The owner of the engine very kindly agreed to my visit. He also offered my engine back to me.

Folks, my B & A tank engine is home. Despite being the year 2009 in real life, it can now be "1987 again" whenever I want it to be.

And my soul is now at peace.

-John K.
JFK + Tanker at Carl Purinton's.jpg
Running my engine at Carl Purinton's private home track in 1987. Mr. Purinton died in about 1999 at age 101; no trace of his former track remains. The tracks, the trees, the bushes, and even the LAWN are nowhere to be seen today at this very location.
At Waushakum (old track) in 1987. My brother (age 10) running, me (age 15) behind him. Right now this very spot is someone's deck and swimming pool. No trace of the live steam track remains. (Behind us on the next train are Cap Purinton and his son Zachar
B & A tanker.jpg
Reunited: Me, and my tanker, January 2009.
Last edited by JohnK on Wed Jan 07, 2009 7:35 pm, edited 1 time in total.

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Post by Harold_V » Wed Jan 07, 2009 3:58 am

JohnK wrote: Folks, my B & A tank engine is home.
Great story with an outstanding ending, John.



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Post by PRR G5s » Wed Jan 07, 2009 1:36 pm

Here's a few pictures of my 3/4" engines. The first picture shows me running my first engine in 2006. I started building this engine when I was 17. It ran for the first time in 1995 after about 3 years of Sunday/Saturday nights, and a lot of help/guidance from live steamers to whom I'm forever endebted to. It's not a museum piece, but its been a good running engine for the last 13+ years. The second photo I took last night on my shop floor for a close up.

The third photo is of my second engine which I am currently working on. It's a PRR K4s, and is very close to running on air. Only things I need to make are adjustable eccentric rods, and lifting links for the reverser. I'm building this to Coventry's plans that I got from Miniature Power Products with modifications. I'm using the B&O P-7 cylinders and drivers, but the rest is all Pennsy.

To the PRR purist, I know, my G5s is painted black and not dark green locomotive enamel (brunswick green), and counterweights aren't squared off, but I used what I could find and am happy with it. As far as the paint, I didn't know any better when I built the G5s, the K4s is DGLE.

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Post by LVRR2095 » Wed Jan 07, 2009 3:34 pm

Some 3/4" locomotives that live at the Taylor household.
The Center Cab was built around 1960, by Lewis Bullock of Johnsonville, NY. The Hudson was built by the late Harry Hansen of Lyndhurst, NJ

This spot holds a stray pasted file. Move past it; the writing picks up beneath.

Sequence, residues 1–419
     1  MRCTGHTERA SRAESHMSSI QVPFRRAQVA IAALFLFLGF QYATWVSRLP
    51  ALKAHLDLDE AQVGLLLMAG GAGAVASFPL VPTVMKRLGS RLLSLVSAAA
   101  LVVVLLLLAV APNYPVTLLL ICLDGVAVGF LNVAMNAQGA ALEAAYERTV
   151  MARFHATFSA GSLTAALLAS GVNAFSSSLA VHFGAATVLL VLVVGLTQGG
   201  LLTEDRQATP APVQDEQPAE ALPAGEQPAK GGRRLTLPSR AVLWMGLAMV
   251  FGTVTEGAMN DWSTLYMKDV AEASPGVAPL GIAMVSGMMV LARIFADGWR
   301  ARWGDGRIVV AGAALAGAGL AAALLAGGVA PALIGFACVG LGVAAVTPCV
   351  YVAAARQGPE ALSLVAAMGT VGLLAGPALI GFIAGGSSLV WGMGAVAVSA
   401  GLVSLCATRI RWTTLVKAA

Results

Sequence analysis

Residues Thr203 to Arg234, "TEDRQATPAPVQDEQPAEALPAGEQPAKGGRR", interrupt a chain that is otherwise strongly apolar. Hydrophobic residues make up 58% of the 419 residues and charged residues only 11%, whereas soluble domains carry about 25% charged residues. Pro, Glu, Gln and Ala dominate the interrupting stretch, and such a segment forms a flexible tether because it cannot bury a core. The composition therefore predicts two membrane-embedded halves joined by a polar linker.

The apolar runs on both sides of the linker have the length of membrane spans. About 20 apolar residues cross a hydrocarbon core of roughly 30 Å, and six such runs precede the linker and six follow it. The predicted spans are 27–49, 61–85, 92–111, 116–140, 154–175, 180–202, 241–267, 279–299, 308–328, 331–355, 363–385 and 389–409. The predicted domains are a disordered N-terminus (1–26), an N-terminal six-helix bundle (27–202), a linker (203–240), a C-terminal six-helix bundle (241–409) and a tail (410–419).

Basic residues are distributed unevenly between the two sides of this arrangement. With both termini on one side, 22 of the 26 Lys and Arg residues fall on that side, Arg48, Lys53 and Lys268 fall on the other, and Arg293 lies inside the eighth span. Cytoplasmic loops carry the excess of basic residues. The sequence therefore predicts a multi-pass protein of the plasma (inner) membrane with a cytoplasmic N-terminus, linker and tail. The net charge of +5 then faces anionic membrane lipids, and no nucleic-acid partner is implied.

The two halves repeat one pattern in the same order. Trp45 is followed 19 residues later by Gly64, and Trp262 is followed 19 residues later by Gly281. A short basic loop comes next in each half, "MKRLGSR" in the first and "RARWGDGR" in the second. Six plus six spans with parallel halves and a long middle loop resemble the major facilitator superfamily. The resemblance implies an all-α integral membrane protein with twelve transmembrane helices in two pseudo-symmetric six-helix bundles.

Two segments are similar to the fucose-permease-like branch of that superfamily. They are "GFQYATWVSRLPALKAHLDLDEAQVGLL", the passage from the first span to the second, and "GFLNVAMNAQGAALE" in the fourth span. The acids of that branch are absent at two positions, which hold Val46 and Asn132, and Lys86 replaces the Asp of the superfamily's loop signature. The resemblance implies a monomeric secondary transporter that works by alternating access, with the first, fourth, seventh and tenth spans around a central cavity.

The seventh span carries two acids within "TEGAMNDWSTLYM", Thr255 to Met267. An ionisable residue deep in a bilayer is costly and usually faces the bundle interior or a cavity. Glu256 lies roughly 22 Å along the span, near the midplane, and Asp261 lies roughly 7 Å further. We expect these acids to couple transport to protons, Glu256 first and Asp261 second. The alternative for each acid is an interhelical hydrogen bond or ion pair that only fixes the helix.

There are some others lurking in basement corners, I will try and get some pictures up showing some of them too.
Hansen Hudson now living here in Maine
Harry Hansen and his 3/4" Hudson
Center Cab locomotive built by Lewis Bullock

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Post by Waumbek » Wed Jan 07, 2009 6:33 pm

This thread is amazing. Can't wait to get home each night and read the latest. Congratulations, John.

Charles Morrill

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Post by Andypullen » Wed Jan 07, 2009 7:02 pm

I have 2 3/4" scale locomotives that are mostly just loose parts. Hopefully, that will change starting in the summer of 2009 when I finally get a customer's locomotive running.

I have a 3/4" scale PRR E6s and one of JohnK's Coventry 0-6-0 switchers. As I said, just loose parts...I'm not going to take any pics until I make some progress. I may also do a K4 as I have the number plate already...Thanks John Hudak....

Some of those parts will be at Cabin Fever on display for anybody that's interested.

Jack Bodenman has been an inspiration, too....

My brother Kap has a Caribou 0-8-0 that he built from Penn Models castings back in the '70s. It's a good runner...

Andy Pullen
Clausing 10x24, Sheldon 12" shaper, ProtoTrak AGE-2 control cnc on a BP clone, Reed Prentice 14" x 30", Sanford MG 610 surface grinder, Kalamazoo 610 bandsaw.

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Post by JohnK » Wed Jan 07, 2009 8:34 pm

Here is Harry Sait's 3/4" scale B & A tanker. Harry was an early pioneer in the hobby and was, as far as I know, born in the 1890s. He was actively building in the 1920s and 30s, probably the 40s too, and attended meets right up until about 1970. He died about 1971. Carl Purinton talked about Harry Sait's building skills right up until his (Carl's) death, and Charlie Purinton STILL talks about Harry Sait.

Mr. Sait built this engine in the early 1930s, and late in the 1930s Lester Friend developed a copy of it for Yankee Shop.......all the "Yankee" and "Friends" B & A tankers built over the years were based on this fact based on this actual ENGINE. This is the "original" that Lester based the "Yankee Shop" version on. This engine ran at Marblehead and Danvers MA at the early "Brotherhood" meets.

I don't recall the exact year, but in the early 1930s Carl Purinton did a brief write-up about this engine (with a photograph very similar to this one) in one of his columns in an issue of The Modelmaker. Flip through your old Modelmakers if you have them, and you'll find this engine and Mr. Purinton's comments about it.

In some old issue of Live Steam, probably late 1970s or early 1980s, there is a write-up of a meet at Waushakum Live Steamers and a photo of Charlie Purinton running this engine.

-John K.
B & A tanker 001.jpg
Harry Sait's original Boston and Albany tank engine.